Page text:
Four letters are making the wider SMSF community, and particularly trustees, very nervous at the moment, and they are NALE. It’s an acronym that stands for non-arm’s-length expenses and relates to new rules brought in to determine the tax, or tax penalty, that is to be paid on certain assets of a fund.
It stems from an amendment to the legislation governing non-arm’s-length income (NALI) contained in the Income Tax Assessment Act 1936.
In a nutshell, if an SMSF is deemed to have received services for which it did not pay a market rate fee, then any associated income or capital gain derived that can be connected to that service will be treated as NALI and will have the top marginal tax rate, currently 47 per cent, applied to it.
On the surface a lot of trustees might look at this and think it won’t really affect them, but there are others who might be sweating a little more profusely upon the mention of those four letters.
If we begin looking at the outer layer of the onion, individuals who are perhaps real estate agents or the like might be a little concerned. The new rules dictate that if these trustees had acquired a property in their SMSF and along the way may have used their professional skills and resources to achieve the best outcome without charging the fund an arm’s-length fee, any income or capital gain stemming from that property asset will be treated as NALI and taxed at the top marginal rate.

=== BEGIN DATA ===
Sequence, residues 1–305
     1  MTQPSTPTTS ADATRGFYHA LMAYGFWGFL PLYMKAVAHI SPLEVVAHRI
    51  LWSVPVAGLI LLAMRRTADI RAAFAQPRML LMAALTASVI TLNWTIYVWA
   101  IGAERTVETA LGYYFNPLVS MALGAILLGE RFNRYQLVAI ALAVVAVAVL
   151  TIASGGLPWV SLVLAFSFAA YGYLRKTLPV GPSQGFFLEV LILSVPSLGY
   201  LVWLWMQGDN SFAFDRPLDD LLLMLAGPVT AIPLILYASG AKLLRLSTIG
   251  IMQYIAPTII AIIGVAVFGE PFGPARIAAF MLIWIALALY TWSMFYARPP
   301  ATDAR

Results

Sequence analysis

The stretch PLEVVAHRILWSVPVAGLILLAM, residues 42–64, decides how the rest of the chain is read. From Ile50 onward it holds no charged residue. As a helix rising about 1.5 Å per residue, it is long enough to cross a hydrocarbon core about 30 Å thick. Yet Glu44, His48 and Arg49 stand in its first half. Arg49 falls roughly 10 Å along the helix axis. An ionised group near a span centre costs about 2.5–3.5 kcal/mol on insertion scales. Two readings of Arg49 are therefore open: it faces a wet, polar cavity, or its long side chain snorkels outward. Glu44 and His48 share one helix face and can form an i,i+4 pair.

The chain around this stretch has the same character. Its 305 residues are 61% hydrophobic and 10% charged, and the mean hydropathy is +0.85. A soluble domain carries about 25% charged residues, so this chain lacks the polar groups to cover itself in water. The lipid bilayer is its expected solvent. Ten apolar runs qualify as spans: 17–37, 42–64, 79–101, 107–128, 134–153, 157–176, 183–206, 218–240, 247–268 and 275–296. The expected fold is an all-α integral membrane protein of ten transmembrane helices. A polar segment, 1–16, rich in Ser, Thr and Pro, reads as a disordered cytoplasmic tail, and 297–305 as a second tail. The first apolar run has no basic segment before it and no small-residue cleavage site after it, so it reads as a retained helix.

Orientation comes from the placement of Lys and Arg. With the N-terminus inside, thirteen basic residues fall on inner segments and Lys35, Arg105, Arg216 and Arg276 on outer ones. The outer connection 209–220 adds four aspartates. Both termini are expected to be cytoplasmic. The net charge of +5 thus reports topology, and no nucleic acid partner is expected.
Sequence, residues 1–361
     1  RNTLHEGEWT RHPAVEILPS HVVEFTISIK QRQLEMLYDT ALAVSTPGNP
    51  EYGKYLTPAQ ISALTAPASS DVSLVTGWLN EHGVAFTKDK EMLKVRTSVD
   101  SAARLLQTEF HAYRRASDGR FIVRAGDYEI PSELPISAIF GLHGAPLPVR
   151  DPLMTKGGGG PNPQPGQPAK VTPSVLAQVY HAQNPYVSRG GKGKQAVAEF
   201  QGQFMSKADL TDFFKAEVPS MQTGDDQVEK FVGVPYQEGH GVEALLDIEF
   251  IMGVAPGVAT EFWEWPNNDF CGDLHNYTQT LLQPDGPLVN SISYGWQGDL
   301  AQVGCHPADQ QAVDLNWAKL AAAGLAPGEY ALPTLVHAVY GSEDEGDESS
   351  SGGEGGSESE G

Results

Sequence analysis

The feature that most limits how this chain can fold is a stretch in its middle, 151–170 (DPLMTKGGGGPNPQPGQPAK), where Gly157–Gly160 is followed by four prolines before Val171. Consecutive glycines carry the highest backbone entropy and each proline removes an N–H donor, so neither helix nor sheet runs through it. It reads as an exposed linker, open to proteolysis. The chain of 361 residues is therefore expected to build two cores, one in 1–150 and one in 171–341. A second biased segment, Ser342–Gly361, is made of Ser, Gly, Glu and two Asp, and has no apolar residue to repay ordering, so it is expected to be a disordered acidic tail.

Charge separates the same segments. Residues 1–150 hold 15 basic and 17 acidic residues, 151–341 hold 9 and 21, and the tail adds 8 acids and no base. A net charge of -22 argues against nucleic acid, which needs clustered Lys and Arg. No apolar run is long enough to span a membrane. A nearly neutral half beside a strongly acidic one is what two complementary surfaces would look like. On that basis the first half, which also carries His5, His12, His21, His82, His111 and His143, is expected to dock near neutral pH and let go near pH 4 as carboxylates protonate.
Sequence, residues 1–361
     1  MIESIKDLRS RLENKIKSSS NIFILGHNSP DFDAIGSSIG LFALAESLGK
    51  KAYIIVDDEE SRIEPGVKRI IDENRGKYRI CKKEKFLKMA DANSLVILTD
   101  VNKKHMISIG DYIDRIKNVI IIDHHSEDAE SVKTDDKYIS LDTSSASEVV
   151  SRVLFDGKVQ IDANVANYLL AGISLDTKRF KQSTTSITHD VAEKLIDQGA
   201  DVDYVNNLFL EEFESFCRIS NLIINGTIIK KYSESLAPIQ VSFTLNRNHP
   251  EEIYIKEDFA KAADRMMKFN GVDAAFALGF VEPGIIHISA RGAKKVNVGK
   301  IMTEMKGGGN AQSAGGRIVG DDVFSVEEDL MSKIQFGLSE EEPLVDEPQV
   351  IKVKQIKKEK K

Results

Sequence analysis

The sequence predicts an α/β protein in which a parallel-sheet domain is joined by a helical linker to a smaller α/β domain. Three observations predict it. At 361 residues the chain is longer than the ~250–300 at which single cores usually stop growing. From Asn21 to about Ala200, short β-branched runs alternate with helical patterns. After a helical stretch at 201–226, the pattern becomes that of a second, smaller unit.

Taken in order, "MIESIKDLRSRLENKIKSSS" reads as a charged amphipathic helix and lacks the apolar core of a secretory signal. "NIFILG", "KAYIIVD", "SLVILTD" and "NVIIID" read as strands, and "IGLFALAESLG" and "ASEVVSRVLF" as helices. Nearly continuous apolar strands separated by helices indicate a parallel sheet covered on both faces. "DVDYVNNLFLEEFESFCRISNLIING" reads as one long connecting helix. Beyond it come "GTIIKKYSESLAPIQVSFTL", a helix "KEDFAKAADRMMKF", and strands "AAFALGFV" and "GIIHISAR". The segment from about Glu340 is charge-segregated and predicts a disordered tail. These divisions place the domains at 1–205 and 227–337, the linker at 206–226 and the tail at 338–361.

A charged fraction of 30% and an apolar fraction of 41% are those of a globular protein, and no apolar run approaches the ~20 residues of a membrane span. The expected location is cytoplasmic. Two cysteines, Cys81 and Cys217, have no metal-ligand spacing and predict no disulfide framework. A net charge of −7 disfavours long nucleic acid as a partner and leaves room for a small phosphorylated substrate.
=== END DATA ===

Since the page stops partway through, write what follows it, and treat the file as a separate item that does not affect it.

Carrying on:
That’s obviously not such a good result, but on a positive note if the fund only owns one property, then the tax hit is somewhat quarantined.
The key is a concept the legislation refers to as nexus, that is, being able to establish a direct link between the discounted service and the income-generating asset in question.
This concept of nexus means the new provisions take on a new dimension if you are, say, an accountant or have been fortunate enough to have sourced accounting and administrative services for your SMSF at less than standard market rates.
This is not an uncommon situation and could end up being completely catastrophic for these trustees. As the accounting and administrative functions of an SMSF are pervasive of the fund, the nexus here extends to all assets of the fund.
That means all of the income of the fund could potentially be considered NALI and the SMSF would be taxed at the top marginal tax rate.
I’m pretty sure the government did not intend this scenario to eventuate, but nevertheless it is a distinct possibility.
Of course, let’s not forget the potential for this amendment to increase the administrative burden for SMSF trustees even if a more practical solution to NALE is found.
Granted I’m crystal-balling here, but imagine if the legislation is further fine-tuned allowing an asset to be considered to have generated NALI for only a short period of its life because the original indiscretion was corrected. You would then have to account for an item that would be considered a NALI asset for one period and then a normal asset for another.
As you can see, this appears to be a poorly thought out legislative amendment and no doubt discussion arising from it will continue to dominate SMSF discussions for a while to come.